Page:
Get Massages

While one of the more expensive indulgences, finding a massage therapist who has experience in jaw massages as well as upper-body relief was a game changer for me. Clenching one’s jaw causes all sorts of tension in the face and neck area, so TMJ can cause more physical stress—which in turn can cause more nighttime clenching (annoying). If you’re just beginning to tackle TMJ, it’s definitely worth scheduling a few massages until you’re out of the vicious cycle. Dr. Miyasaki says, “Massage therapy can address both the psychological and the physical aspects of the pain. Psychologically, you will be more relaxed, and fewer muscles will be active. Physically, massaging muscles will help to relieve pain in individual muscles, which in turn will help you to relax more.”

Plus, massages can be a good way to help improve your posture, which can also contribute to TMJ, according to studies reported by the U.S. National Library of Medicine: “For example, holding the head forward while looking at a computer all day strains the muscles of the face and neck.” Talk about an awesomely legitimate excuse to indulge yourself.

For muscle-related pain, “which is very common,” Dr. Miyasaki recommends giving yourself a face-muscle massage:

“The muscle that is responsible for most of the force in chewing is called the masseter. To locate this muscle, push your fingers just below your cheek bone on the more depressible part of your cheeks while clenching [your jaw]. You will feel a muscle push out when you do this. This is the masseter. Pressing on this muscle in small circles is a good way to massage it.”

Buy a Mouthguard

A custom-fitted mouthguard was by far my most expensive TMJ-related purchase. Even with insurance, it still cost me hundreds of dollars. However, the difference is phenomenal. While it doesn’t completely stop me from grinding my teeth, it does hinder it. More importantly, it protects my teeth. Severe teeth grinding can cause all sorts of dental problems as you’re gnawing away at your enamel, which protects the inner cores of your teeth. It took me about a week of consistent, disciplined use to not hate it—and almost a month for my body to get completely used to it.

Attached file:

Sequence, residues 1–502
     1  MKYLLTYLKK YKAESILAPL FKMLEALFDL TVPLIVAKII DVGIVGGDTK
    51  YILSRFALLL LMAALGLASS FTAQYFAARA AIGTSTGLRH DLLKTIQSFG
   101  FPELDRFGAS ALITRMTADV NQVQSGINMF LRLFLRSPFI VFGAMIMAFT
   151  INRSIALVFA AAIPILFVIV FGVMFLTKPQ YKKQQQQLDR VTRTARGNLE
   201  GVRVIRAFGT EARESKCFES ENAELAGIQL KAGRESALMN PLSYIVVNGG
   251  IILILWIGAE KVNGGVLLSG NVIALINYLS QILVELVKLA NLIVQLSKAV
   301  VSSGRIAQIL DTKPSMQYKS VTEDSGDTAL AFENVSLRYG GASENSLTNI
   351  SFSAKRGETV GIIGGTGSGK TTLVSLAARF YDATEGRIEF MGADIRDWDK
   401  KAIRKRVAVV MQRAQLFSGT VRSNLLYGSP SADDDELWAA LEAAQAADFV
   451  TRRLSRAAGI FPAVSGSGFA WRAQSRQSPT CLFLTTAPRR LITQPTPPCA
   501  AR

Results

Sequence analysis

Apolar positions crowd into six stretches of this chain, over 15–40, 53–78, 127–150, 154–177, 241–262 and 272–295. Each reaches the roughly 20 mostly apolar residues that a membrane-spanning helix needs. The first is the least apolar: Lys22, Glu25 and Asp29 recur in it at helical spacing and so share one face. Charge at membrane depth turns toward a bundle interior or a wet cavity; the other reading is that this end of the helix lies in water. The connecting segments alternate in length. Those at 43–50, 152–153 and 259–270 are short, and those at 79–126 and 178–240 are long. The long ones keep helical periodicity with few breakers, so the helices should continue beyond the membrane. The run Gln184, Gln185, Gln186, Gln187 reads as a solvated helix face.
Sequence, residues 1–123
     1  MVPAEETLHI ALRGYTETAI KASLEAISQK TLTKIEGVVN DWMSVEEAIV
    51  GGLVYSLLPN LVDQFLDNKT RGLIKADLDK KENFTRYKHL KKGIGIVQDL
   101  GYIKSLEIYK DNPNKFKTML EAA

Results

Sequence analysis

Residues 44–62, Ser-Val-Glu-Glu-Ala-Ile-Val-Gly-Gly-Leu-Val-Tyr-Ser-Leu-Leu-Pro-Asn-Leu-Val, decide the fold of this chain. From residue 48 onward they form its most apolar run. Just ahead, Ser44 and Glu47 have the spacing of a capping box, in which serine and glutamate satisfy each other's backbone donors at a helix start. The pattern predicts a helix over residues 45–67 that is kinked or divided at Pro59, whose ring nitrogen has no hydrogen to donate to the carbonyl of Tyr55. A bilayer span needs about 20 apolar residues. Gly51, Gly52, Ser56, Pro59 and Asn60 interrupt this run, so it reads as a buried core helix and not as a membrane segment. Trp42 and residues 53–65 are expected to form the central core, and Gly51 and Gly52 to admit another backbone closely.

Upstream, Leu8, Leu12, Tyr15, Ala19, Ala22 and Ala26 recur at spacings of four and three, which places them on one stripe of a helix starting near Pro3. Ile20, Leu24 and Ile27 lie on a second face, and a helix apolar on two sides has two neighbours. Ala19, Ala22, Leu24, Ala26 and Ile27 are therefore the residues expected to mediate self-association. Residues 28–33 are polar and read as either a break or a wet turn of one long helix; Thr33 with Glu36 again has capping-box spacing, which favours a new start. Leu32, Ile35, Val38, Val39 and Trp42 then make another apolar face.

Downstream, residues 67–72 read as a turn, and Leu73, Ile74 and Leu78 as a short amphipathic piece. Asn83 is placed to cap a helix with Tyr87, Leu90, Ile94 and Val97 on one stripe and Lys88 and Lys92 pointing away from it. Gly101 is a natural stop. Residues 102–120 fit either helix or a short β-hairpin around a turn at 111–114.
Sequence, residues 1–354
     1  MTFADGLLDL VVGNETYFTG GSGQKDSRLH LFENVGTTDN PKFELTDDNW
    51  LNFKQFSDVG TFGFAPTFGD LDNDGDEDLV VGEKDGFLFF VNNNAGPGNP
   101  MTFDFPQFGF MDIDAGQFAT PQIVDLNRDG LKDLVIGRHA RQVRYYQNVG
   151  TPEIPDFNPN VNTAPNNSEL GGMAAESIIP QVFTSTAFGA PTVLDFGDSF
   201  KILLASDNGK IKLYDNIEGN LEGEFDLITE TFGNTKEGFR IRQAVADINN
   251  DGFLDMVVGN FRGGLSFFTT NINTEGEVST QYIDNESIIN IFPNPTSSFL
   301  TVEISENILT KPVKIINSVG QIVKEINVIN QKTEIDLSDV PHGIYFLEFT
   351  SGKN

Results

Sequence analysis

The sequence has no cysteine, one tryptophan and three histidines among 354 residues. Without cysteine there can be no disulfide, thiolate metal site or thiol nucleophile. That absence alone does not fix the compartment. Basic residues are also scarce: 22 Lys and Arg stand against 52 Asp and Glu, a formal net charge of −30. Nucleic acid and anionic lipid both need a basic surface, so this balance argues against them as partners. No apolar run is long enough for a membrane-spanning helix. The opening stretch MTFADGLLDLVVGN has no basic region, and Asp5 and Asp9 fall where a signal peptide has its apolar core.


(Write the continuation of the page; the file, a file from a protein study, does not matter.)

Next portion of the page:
If you don’t want to spend big bucks on a dentist-designed mouthguard, you could opt for an over-the-counter version that’s used during sports. While it won’t be professionally fitted, it will still protect your teeth and inhibit some grinding. However, Dr. Miyasaki warns, “The risks of using over-the-counter nightguards include unwanted (and oftentimes permanent) bite changes due to tooth movement and the fact that bruxism (grinding) has been noted to become worse when a soft or loose mouth appliance is used.” He notes that “some are probably OK for the short term if you are unable to purchase a dentist-made nightguard,” but proceed with caution.

“There is no widely accepted, standard test now available to correctly diagnose TMJ disorders. Because the exact causes and symptoms are not clear, identifying these disorders can be difficult and confusing,” shares the National Institute of Dental and Craniofacial Research. Likewise, with so many different potential causes, it makes sense that there’s not a particular cure-all. Hence, it’s imperative that you initiate your own research, collaborate with your dentist and doctor, and, ultimately try to get to the root of the problem while managing the pain of your symptoms.

“TMJ disorders are very common and diverse, yet they are still not widely understood,” Dr. Miyasaki says. “One thing about TMJ disorders is clear though: A simple TMJ exam from your dentist can shed a lot of light on your condition.”

Photo Credit: Katrina Harrison